# Calculation operators

Operators specify the type of calculation that you want to perform on the elements of a formula. Lists support three different types of calculation operators: arithmetic, comparison, and text.

## Types of operators

### Arithmetic operators

To perform basic mathematical operations such as addition, subtraction, or multiplication; combine numbers; and produce numeric results, use the following arithmetic operators.

Arithmetic operator Meaning (Example)
– (minus sign) Subtraction (3–1)
Negation (–1)
* (asterisk) Multiplication (3*3)
/ (forward slash) Division (3/3)
% (percent sign) Percent (20%)
^ (caret) Exponentiation (3^2)

### Comparison operators

You can compare two values with the following operators. When two values are compared by using these operators, the result is a logical value of Yes or No.

Comparison operator Meaning (Example)
= (equal sign) Equal to (A=B)
> (greater than sign) Greater than (A>B)
< (less than sign) Less than (A<B)
>= (greater than or equal to sign) Greater than or equal to (A>=B)
<= (less than or equal to sign) Less than or equal to (A<=B)
<> (not equal to sign) Not equal to (A<>B)

### Text concatenation operator

Use the ampersand (&) to join, or concatenate, one or more text strings to produce a single piece of text.

Text operator Meaning (Example)
& (ampersand) Connects, or concatenates, two values to produce one continuous text value ("North"&"wind")

## The order in which a list performs operations in a formula

Formulas calculate values in a specific order. A list formula might begin with an equal sign (=). Following the equal sign are the elements to be calculated (the operands), which are separated by calculation operators. Lists calculate the formula from left to right, according to a specific order for each operator in the formula.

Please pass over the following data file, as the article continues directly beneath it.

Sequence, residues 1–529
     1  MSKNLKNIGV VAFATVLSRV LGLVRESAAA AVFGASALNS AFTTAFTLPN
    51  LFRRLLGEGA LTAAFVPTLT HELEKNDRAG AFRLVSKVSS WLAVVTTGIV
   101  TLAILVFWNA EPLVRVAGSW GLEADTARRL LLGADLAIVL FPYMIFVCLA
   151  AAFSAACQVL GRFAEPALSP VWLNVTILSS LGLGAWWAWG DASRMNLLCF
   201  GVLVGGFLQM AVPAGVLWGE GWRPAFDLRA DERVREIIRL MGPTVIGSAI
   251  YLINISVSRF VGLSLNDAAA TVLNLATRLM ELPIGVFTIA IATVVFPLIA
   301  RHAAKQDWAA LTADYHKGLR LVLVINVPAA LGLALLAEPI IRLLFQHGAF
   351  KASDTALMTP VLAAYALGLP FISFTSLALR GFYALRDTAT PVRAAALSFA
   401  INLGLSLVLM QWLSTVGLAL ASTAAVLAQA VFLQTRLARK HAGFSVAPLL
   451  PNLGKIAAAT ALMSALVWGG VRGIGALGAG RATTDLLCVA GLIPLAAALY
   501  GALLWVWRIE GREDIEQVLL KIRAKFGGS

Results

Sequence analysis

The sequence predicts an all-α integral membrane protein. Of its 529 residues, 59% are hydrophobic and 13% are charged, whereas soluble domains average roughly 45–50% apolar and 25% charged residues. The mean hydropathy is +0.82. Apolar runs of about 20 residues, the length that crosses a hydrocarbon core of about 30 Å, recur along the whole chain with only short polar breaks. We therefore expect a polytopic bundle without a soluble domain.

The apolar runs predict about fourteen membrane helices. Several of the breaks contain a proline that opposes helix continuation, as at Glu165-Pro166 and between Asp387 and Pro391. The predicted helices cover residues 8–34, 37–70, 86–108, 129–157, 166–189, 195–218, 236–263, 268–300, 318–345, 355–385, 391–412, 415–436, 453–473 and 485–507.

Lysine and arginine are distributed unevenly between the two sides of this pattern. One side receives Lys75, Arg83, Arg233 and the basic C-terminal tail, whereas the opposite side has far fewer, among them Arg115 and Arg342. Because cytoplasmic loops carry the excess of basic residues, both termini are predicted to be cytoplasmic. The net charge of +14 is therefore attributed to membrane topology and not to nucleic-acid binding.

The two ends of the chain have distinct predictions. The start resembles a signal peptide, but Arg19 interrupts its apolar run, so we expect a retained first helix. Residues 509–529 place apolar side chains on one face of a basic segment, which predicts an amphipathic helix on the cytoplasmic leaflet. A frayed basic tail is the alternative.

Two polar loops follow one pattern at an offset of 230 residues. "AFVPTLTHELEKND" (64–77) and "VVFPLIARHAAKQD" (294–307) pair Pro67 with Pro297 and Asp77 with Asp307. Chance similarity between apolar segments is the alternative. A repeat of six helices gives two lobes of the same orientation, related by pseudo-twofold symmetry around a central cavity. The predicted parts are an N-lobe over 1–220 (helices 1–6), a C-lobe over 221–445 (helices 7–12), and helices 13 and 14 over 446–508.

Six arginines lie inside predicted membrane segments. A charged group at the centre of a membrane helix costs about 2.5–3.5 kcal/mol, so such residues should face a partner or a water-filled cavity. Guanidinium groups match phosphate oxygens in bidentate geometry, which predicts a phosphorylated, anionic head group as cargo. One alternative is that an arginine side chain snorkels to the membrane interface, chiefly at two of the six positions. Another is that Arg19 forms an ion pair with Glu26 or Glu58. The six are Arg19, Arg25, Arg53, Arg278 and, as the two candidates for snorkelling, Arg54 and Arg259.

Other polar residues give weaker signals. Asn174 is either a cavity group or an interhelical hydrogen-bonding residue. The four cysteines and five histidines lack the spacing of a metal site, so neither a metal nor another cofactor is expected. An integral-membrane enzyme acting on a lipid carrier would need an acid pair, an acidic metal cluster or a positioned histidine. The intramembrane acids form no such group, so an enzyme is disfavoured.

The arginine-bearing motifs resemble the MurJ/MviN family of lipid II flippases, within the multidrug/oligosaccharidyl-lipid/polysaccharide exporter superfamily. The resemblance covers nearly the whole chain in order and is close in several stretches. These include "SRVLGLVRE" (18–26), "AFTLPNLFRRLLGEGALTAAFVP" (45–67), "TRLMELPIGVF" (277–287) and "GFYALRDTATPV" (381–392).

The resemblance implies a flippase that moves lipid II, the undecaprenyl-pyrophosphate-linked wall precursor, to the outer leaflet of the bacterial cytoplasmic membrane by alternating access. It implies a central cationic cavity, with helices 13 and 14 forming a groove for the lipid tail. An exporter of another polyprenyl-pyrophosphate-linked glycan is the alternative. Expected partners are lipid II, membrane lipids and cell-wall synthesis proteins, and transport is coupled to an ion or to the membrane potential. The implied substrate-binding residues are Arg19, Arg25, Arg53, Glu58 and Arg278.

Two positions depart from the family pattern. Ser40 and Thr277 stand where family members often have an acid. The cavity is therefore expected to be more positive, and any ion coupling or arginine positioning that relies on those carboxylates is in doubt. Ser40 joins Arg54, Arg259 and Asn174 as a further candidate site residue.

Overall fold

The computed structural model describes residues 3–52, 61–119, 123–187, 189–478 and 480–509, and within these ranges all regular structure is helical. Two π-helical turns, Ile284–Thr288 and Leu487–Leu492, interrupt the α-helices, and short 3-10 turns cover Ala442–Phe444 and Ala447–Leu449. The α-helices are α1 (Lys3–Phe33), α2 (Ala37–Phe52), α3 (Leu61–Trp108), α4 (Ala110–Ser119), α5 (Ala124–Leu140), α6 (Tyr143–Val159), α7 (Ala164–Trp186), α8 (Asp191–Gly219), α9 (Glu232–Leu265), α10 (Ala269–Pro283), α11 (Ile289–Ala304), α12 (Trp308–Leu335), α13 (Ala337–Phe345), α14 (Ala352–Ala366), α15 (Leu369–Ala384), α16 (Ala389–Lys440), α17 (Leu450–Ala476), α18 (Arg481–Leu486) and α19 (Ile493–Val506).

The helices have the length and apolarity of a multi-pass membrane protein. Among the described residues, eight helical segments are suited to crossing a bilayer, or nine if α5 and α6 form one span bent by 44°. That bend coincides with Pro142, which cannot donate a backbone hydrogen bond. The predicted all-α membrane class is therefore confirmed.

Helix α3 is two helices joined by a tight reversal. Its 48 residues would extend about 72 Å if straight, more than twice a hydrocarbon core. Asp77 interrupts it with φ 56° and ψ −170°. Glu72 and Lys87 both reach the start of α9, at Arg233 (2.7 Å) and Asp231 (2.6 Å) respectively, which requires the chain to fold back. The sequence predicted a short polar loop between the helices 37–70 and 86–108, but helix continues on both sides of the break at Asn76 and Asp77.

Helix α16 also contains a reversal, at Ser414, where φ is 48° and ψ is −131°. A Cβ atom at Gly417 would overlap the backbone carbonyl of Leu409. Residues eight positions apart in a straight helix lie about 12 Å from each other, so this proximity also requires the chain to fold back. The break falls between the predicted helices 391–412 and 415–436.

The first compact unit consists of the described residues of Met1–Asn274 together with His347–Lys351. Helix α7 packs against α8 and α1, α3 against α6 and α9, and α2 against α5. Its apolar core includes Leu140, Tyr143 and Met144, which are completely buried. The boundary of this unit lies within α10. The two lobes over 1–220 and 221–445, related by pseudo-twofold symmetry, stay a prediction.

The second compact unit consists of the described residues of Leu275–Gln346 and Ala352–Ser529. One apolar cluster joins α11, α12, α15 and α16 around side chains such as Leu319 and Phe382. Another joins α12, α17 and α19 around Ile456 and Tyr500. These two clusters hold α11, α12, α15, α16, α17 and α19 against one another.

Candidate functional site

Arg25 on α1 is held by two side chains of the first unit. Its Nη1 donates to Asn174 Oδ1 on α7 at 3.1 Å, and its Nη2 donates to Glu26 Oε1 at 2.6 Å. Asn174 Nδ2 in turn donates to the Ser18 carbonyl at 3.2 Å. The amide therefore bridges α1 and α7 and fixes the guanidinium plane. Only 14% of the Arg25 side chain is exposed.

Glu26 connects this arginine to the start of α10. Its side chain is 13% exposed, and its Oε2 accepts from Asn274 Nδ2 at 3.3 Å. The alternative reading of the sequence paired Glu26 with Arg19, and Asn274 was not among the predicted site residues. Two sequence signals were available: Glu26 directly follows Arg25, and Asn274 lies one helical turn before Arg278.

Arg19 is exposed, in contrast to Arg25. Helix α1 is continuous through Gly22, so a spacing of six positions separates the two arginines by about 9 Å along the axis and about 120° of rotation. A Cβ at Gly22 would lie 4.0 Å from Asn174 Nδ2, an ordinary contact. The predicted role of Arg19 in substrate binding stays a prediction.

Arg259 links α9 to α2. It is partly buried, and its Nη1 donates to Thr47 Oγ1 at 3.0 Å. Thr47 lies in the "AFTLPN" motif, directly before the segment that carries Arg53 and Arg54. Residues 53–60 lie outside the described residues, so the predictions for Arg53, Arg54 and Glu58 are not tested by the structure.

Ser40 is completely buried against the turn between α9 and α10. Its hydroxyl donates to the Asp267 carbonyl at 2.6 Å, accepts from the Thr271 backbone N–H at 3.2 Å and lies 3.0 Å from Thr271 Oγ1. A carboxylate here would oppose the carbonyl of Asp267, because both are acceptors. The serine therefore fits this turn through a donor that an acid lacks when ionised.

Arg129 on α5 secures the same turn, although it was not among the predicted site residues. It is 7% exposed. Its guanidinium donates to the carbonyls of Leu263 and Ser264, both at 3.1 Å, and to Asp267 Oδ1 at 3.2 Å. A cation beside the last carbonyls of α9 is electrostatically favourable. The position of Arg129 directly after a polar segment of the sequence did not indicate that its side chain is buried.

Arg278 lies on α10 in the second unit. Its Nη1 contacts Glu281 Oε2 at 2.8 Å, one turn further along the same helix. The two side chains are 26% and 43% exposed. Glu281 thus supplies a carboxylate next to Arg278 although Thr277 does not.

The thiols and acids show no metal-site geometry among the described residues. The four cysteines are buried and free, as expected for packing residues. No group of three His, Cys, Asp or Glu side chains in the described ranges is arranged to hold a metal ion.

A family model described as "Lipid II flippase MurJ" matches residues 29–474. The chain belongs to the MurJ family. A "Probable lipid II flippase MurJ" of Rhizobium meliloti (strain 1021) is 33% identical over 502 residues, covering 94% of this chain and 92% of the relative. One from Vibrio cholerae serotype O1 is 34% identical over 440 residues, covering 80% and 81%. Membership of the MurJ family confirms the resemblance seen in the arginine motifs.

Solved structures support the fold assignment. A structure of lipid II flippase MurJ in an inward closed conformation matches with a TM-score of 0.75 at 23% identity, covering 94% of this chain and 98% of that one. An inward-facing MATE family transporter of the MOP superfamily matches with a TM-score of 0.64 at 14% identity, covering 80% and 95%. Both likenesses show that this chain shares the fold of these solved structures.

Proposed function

### Operator precedence

If you combine several operators in a single formula, lists perform the operations in the order shown in the following table. If a formula contains operators with the same precedence — for example, if a formula contains both a multiplication and division operator — lists evaluate the operators from left to right.

Operator Description
Negation (as in –1)
% Percent
^ Exponentiation
* and / Multiplication and division
+ and – Addition and subtraction
& Connects two strings of text (concatenation)
= < > <= >= <> Comparison

### Use of parentheses

To change the order of evaluation, enclose in parentheses the part of the formula to be calculated first. For example, the following formula produces 11 because a list calculates multiplication before addition. The formula multiplies 2 by 3 and then adds 5 to the result.

=5+2*3

In contrast, if you use parentheses to change the syntax, the list adds 5 and 2 together and then multiplies the result by 3 to produce 21.

=(5+2)*3

In the example below, the parentheses around the first part of the formula force the list to calculate [Cost]+25 first and then divide the result by the sum of the values in columns EC1 and EC2.

=([Cost]+25)/SUM([EC1]+[EC2])

Applies to:
Deployment Center 2003